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Planets and their sun grow together

Radio telescopes reveal how nascent bodies funnel gas to their parent star

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5:50pm, January 2, 2013
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Some 450 light-years from Earth, embryonic planets may be feeding tendrils of gas to the newborn star they orbit. The discovery helps explain how a young star can grow even as budding planets suck up much of the gas and dust around it. Without the tendrils replenishing it, the star’s supply of gas would disappear in less than a year.

Jupiter and Saturn may have done something similar for the sun in its early days, 4.5 billion years ago. “This is one of the nearest examples of the birth of a solar system,” says Simon Casassus, an astronomer at the University of Chile. He and his colleagues describe the finding online January 2 in Nature.

The star in question is named HD 142527, in the southern constellation Lupus. It’s about twice the mass of the sun but far younger, only about 2 million years old. Astronomers knew it was surrounded by a swirling disk of gas and dust, which has a big clearing in it from about 10 times to 140 times the Earth-sun distance. They think a big budding planet — something like Jupiter in its very early days — might orbit its star at about 90 times the Earth-sun distance, clearing out a gap like a snowplow shoveling roads.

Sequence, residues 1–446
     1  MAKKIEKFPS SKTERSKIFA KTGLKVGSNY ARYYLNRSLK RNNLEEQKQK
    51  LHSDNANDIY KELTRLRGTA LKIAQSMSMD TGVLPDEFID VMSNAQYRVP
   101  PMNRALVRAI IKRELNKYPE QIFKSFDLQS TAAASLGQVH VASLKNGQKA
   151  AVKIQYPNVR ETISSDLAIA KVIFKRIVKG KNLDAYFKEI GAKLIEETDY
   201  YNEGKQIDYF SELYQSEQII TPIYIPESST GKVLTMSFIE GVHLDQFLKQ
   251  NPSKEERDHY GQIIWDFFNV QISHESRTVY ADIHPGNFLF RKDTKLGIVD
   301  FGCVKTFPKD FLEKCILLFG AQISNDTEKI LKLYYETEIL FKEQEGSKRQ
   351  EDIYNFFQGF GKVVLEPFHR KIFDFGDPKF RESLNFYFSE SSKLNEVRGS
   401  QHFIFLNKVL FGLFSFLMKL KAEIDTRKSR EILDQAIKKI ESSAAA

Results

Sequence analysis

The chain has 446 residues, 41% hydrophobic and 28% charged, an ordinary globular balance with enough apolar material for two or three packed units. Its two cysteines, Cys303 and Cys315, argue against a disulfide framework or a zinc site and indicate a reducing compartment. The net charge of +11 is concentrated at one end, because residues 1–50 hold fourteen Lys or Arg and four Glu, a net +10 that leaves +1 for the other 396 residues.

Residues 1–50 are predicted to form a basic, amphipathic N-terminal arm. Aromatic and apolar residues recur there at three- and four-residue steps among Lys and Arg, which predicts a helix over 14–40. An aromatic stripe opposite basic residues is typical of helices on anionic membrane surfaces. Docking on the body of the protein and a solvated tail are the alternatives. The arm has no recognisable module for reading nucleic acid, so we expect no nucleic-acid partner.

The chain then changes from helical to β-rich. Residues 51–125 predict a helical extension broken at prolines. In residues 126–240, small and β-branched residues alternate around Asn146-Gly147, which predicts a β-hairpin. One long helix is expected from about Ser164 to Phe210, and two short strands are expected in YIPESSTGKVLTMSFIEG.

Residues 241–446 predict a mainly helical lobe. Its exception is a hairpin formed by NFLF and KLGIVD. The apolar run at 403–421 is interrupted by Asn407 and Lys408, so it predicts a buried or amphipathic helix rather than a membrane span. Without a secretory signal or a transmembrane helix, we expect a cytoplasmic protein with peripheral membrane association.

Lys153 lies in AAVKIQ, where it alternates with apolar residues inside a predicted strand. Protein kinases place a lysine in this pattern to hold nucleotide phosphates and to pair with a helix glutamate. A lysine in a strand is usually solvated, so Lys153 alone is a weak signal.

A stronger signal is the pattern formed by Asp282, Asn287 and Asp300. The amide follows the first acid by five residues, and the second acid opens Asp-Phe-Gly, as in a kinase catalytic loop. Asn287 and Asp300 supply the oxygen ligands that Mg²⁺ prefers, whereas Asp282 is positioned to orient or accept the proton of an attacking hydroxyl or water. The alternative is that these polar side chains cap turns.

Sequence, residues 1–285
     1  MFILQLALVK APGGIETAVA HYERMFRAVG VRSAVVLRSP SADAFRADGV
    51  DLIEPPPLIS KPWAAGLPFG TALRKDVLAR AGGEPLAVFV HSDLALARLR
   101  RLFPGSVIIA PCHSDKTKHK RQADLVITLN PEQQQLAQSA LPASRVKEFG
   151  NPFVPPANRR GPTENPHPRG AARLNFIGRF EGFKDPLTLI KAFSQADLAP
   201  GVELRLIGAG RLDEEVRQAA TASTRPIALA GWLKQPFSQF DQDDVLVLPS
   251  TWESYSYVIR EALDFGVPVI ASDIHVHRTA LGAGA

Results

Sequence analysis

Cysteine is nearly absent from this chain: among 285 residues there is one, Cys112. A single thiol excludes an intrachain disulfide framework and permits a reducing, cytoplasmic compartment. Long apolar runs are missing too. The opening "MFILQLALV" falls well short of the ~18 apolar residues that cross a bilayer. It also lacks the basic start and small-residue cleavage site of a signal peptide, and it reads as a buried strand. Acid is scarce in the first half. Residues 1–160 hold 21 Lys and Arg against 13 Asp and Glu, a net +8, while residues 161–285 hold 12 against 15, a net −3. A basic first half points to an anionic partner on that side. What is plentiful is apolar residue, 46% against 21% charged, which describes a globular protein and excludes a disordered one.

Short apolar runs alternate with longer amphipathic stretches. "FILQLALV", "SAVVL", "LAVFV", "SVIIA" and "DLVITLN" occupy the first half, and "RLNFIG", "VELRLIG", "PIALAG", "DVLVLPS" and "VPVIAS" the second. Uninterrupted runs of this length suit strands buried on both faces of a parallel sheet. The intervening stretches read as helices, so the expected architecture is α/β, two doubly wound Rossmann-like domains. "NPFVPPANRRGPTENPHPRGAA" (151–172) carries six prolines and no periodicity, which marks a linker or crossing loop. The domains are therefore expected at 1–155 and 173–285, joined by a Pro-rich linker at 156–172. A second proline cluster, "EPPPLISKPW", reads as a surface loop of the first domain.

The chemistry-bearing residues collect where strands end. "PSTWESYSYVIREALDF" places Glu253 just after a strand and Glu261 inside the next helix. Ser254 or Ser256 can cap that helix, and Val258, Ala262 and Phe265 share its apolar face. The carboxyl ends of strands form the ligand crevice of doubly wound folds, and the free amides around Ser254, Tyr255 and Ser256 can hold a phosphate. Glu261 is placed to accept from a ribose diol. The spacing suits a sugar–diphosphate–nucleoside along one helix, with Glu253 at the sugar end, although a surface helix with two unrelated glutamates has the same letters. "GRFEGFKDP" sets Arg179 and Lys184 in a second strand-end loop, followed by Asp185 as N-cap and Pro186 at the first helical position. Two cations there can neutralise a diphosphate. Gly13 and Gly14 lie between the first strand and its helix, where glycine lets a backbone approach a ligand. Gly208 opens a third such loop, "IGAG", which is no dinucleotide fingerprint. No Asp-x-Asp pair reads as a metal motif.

Casassus’ team looked at this gap using the ALMA array of radio telescopes in Chile, which can detect faint emissions from gases such as carbon monoxide. The team found some of this gas drifting through the gap — probably leftover stuff that the protoplanet hadn’t cleared away, Casassus says.

More intriguingly, denser gas formed several filaments stretching across the gap. These streamers are almost certainly guided and shaped by protoplanets embedded within them, Casassus says.

The filaments are faint, says University of Hawaii astronomer Jonathan Williams, but “my gut reaction is that their interpretation is probably correct and that this is an exciting result.”

Simulations of how the gas might flow suggest not one but at least two big protoplanets surround the star. One, of around 10 Jupiter masses, probably orbits at the expected 90 times the Earth-sun distance. A second, of around 4 Jupiter masses, may orbit closer in, at around 40 times the Earth-sun distance. “At this point, we can’t tell how many objects orbit the star,” cautions Sally Dodson-Robinson, an astronomer at the University of Texas at Austin.

Astronomers haven’t yet directly spotted any protoplanets around HD 142527, but they keep looking. The Nature paper relies on one hour’s worth of observations from ALMA; Casassus has six more hours of data that should be arriving on his desk within the next few weeks. “There’s lots more to come,” he says.

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